The problem with this study and SimilarWeb in general is that they are only measuring desktop traffic, and a 20% drop in desktop traffic over the past year might not have anything to do with Facebook. It might simply be caused by the increase in mobile, and especially people are increasingly using Facebook only via mobile.

Over the past year, Facebook's mobile-only share of traffic has gone from 50% to about 62%. So SimilarWeb's study on Facebook reach might not mean anything.

And if I only knew about these three studies, I would probably ignore SimilarWeb's data and just go with the 'total reach is flat, but reach per post is down by a lot'.

The problem is that this is not what I am hearing from people in the industry.

For instance, here is a tweet from Kurt Gessler, Deputy Editor for Digital News at the Chicago Tribune:

And I have been hearing this from other publishers as well.

So, you see the problem? The data that we have is not very consistent.

What about engagement?

But looking at reach isn't the only way to look at Facebook. We can also look at engagement. And the place we find the data for that is NewsWhip. Almost every month, they compile a list of top publishers on Facebook in terms of likes, comments and shares.

So, I ran the numbers.

UPDATE: This section has been updated to clarify what 'number of articles' refer to.

First, if we look at total engagement, we get this graph for the top publishers (note: May is missing, and NewsWhip hasn't released the numbers for July and August yet):

Apart from Huffington Post who has been on a bit of a rollercoaster ride, everyone else has seen a decline in engagement. So it's not just reach that is in decline, it's also the number of times people like, comment and share each post.

If we look at the change in engagement per day between January 2016 and June 2016, we get this result:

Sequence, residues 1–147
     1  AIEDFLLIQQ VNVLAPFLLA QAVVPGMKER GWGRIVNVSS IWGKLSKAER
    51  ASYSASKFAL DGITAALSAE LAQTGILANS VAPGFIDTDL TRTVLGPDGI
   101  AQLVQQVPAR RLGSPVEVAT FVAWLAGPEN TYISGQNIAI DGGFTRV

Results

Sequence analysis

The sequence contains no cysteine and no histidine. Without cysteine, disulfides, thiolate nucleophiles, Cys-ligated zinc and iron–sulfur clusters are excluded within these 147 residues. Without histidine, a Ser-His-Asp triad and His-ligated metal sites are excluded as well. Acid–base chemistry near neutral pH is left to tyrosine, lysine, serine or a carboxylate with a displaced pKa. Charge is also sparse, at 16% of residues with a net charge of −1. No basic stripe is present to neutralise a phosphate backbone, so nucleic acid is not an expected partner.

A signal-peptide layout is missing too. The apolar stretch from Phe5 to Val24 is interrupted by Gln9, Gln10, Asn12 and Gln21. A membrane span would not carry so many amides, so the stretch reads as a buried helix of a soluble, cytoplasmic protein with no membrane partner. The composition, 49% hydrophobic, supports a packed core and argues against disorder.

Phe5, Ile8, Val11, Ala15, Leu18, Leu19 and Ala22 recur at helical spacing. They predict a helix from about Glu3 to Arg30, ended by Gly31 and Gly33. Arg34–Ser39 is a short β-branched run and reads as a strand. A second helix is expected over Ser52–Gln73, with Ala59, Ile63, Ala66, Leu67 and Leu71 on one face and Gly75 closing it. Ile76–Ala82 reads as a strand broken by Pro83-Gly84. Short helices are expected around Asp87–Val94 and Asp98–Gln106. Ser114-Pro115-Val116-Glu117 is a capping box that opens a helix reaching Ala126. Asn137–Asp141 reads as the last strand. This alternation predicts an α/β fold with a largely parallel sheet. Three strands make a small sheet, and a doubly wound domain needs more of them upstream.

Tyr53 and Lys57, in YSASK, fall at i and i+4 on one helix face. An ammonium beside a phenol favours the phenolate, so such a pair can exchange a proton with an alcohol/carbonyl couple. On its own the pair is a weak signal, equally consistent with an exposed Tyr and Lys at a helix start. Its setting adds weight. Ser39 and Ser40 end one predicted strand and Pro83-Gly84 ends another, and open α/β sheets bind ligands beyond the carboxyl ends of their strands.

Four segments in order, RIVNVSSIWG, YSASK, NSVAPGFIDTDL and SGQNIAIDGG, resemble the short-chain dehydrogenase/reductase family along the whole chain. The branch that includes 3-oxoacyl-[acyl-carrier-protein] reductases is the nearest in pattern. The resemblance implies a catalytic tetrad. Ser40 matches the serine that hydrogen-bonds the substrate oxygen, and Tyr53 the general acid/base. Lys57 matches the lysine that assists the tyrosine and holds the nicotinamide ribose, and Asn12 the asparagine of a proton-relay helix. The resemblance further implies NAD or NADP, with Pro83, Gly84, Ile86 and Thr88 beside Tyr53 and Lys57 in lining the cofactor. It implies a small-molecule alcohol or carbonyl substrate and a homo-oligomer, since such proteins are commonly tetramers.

Again engagement is way down across the board (with the exception of Huffington Post).

We can also look at this on a per post level.

First of all, the top publishers post a silly amount of articles every day. Fox News and Daily Mail post about 1800 posts every single day, while BuzzFeed, CNN and New York Times only post about 200.

And just to clarify, this number doesn't represent posts on Facebook. NewsWhip is measuring the overall Facebook engagement for every unique URL from each publisher. As Liam Corcoran, NewsWhip Head of Communications told me:

The 'Posts' or 'Article Count' number (or 'Number of Stories' here) refers to the number of articles with unique URLs produced by each site in a given month.

Our system picks up these stories once they appear on the publisher's site, and they don't even ever have to be shared on social media for our system to record them. They include wire copy and RSS posts from publishers, which push up the total count for many sites. For other network sites like Fox and NBC, we count all articles from their regional affiliates too.

In other words, this data represents all Facebook interactions for every article the publisher published on their site(s) in any given month.

The result looks like this.

What's interesting here, though, is that it doesn't really show any big increase or decline in the number of posts over time. This is contrary to what SocialFlow found when they did the same study (albeit across a much wider range of publishers and only on Facebook). Remember, SocialFlow found that there has been about a 50% increase in the volume of posts overall.

The possible answer to this may be that publishers are now sharing a larger number of their posts on Facebook, or it might be caused by other factors.